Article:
Supporting the results from this study were the findings from a second randomised Phase III study (N = 1043) comparing two doses of bevacizumab plus cisplatin/gemcitabine (CG) versus cisplatin/gemcitabine plus placebo in first line non-squamous cell cancer SIIIB/IV NSCLC, presented in abstract form in 2007.24 Progression free survival was the primary endpoint and both doses of bevacizumab significantly improved progression free survival (7.5 mg/kg: HR 0.75, P=0.002); 15 mg/kg HR 0.82, P=0.03) and RR (34 and 30% respectively for bevacizumab arms compared with 20% for CG). Grade III/IV hypertension was seen in < 9% of bevacizumab patients, with GIII/IV haemoptysis in < 1.5%. The safety of bevacizumab is currently under evaluation in an international observational study. Preliminary results in > 1000 NSCLC patients have confirmed the existing well described safety profile without central nervous system haemorrhage.25

The other broad class of angiogenesis inhibitors under evaluation are the small molecule receptor TKIs. Several, targeting more than one angiogenesis promoting TK receptor, are in clinical development.11 Preliminary results from Phase II trials have shown promise for the multi-kinase inhibitors ZD6474, sunitinib and sorafenib amongst others.26-28 Further Phase II and Phase III trials evaluating anti-angiogenic TKIs are underway and final results are awaited.

Finally, the Phase III efficacy results with bevacizumab and the promising Phase II results from several oral anti-angiogenic TKIs have confirmed the important role that angiogenesis inhibitors may come to have in the future management of lung cancer. It is important to note that patient selection has and will be important in the future use of these agents. Furthermore, the use of angiogenesis inhibitors has identified several broad ‘class’ side-effects such as hypertension, bleeding and proteinuria, indicating that careful patient monitoring will also be required.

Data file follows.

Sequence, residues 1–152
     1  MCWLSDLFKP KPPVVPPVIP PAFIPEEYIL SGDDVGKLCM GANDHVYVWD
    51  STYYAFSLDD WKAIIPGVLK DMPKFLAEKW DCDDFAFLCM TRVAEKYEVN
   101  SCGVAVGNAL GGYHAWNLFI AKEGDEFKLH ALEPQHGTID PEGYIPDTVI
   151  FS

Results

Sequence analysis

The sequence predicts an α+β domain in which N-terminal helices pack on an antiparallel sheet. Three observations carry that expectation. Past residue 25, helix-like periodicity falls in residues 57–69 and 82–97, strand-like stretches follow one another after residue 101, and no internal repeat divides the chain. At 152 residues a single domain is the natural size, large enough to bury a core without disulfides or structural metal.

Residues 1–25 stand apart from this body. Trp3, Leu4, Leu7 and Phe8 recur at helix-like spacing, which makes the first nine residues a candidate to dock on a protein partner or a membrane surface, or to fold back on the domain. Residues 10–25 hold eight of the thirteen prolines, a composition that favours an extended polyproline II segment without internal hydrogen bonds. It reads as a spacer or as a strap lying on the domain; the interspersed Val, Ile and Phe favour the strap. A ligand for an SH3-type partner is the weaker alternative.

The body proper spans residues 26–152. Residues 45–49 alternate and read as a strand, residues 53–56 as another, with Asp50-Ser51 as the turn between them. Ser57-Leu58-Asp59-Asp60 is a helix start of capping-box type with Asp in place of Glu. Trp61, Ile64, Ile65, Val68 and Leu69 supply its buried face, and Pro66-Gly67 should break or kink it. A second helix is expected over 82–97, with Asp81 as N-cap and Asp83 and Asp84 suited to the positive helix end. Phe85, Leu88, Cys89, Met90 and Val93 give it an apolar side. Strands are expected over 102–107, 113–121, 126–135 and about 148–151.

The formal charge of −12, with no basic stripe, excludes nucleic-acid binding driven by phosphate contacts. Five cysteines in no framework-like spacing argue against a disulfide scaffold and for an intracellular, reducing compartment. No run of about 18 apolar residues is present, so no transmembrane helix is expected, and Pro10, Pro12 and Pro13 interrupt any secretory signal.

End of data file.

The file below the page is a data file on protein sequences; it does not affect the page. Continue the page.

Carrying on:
New approaches

A huge array of novel agents is currently under investigation. Another receptor that shows promise as a therapeutic target is the insulin-like growth factor receptor 1 (IGFR1). This transmembrane protein is implicated in oncogenic transformation, cancer cell growth and survival. Molecules such as monoclonal antibodies against IGFR1 are being tested in early phase studies in NSCLC.29 Downstream cellular kinases such as PI3 Kinase also appear attractive targets for novel therapeutics.

Much of the approach until recently has been directed towards inhibiting uncontrolled growth. The stimulation of apoptosis (programmed cell death) is a different angle of attack. Agonists of so-called ‘death receptors’, such as the tumour necrosis (TNF) related apoptosis-inducing ligand (TRAIL) receptor family, may promote apoptosis of cancer cells.30 Downstream manipulation of the caspase pathway may also trigger apoptosis and this is being investigated.


Management of NSCLC is entering a new era, with greater understanding of molecular biology and the resultant development of targeted therapies. Better understanding of factors predicting benefit is needed however, as the cost of these therapies is becoming prohibitive for many individuals and societies. These agents must then be tested in populations enriched by patients bearing these predictive factors and particularly in the early stage lung cancer patients where the chance of cure is more realistic. The mechanism of cancer growth is complex and it is also likely that multiple therapies will be required in concert to achieve a meaningful impact on lung cancer in the future.

Conflict of interest statement: Nick Pavlakis has served on advisory boards for Roche, Astra Zeneca, Pfizer and Merck-Serono and has received research funding from Celgene. Shane White has served on the Advisory Board for AstraZeneca and Novartis.